A week ago, a friend of mine took me skateboarding for the first time. I was convinced (as was he) that I would hate it, but it turned out to be a really fun time! During the hour and a half I spent learning the basics of how to balance and push on the board, I realized that what I was really enjoying was the feeling of learning, and the sense of accomplishment that comes with. This realization was accompanied by the thought that there is a division of hobbies in my mind: those with discrete progressions, and those with continuous progression. Recently, I’ve been primarily engaged in the latter, but this skating excursion made me realize that I would do well to practice balance between the two.

Discrete vs Continuous Progressions

In my mind, the difference between these two categories is in where the effort of progression lies. For continuous progression skills, it’s very easy to get started, but harder to get good. For discrete progressions, it’s harder to start, but mastery comes easily after.

As an example, I’ll compare two of my hobbies as of late: weightlifting and juggling. To progress in weightlifting, there are two main steps: learn how to execute the lift properly, then progressively add weight to the lift. I would argue that by far, the harder part of this progression is adding more weight over time. Saying you’ve “mastered” a lift can take years, depending on what your benchmark is.

However, with juggling, the opposite is true. It’s significantly harder to learn how to do the skill, but once you have it, it becomes easier and easier to execute it more fluidly. For example, with a five-ball cascade, it took me months to get to the point where I could “juggle” the pattern–meaning 10 catches–but after that point, it was relatively easy to continue on to 100 catches. The hardest step was learning to execute the skill properly, whereas mastery can come shortly afterwards.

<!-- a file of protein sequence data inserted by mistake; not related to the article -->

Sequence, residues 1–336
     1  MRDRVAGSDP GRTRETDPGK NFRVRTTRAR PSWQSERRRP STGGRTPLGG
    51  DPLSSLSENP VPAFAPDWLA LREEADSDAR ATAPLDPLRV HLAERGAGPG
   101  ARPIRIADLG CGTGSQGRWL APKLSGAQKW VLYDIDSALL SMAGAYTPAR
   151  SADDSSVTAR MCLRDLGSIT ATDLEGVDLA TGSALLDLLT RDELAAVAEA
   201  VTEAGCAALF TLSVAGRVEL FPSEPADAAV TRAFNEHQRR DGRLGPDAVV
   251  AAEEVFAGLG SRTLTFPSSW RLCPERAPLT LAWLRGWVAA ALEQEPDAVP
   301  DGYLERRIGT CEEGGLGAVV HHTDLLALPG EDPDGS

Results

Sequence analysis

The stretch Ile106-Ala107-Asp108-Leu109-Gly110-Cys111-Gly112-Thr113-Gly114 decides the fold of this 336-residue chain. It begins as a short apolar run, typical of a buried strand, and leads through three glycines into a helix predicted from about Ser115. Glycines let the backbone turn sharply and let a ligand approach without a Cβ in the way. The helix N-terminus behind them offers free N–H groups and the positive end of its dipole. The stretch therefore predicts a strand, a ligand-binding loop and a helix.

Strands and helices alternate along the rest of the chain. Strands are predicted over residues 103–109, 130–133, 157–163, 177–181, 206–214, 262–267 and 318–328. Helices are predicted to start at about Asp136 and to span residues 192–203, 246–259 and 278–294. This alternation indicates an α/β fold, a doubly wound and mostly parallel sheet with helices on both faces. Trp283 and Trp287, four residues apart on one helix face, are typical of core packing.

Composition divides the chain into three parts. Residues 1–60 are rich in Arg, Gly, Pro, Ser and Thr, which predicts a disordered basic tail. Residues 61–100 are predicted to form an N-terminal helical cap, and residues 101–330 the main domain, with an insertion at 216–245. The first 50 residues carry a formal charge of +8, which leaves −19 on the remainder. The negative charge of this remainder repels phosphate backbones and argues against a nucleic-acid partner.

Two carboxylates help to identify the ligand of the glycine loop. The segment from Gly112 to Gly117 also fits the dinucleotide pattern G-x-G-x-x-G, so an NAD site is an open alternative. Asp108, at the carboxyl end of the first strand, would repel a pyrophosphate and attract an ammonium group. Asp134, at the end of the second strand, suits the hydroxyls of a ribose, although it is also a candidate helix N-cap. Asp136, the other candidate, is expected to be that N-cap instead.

The other element of discrete skills is a fundamental difference in steps of progression. In executing a squat with good form, there should be no real difference in lifting the bar or 315 pounds. However, there is a clear dividing line between being able to juggle a five ball cascade and not. A counter example I considered was bouldering, where the grades are definitely discretized, and climbing a V5 feels like a clear advancement over climbing a V4. But I would still call this a continuous skill, because there is not a fundamental difference between the skills or strength needed to execute these climbs.

While my definition of the line between these two types of skills is definitely shakey, there are lots of skills I can think of that fall into one of these two buckets. I’ve tried to categorize some of the ones I dabble in below:

Skills with discrete progression:

  • Juggling
  • Skateboarding
  • Calisthenics
  • Bike maintainance
  • Coding

Skills with continuous progression:

  • Weightlifting
  • Running
  • Bouldering/Climbing
  • Writing
  • Language Learning

Why does this matter?

It doesn’t, really. I just think it’s an interesting way to think about skills and mastery. I do think it would be good to make sure you’re involved with both–learning can be complicated, and having outlets in your life that give you both a sense of continuous improvement and the feeling of learning new skills is probably a good way to maintain balance.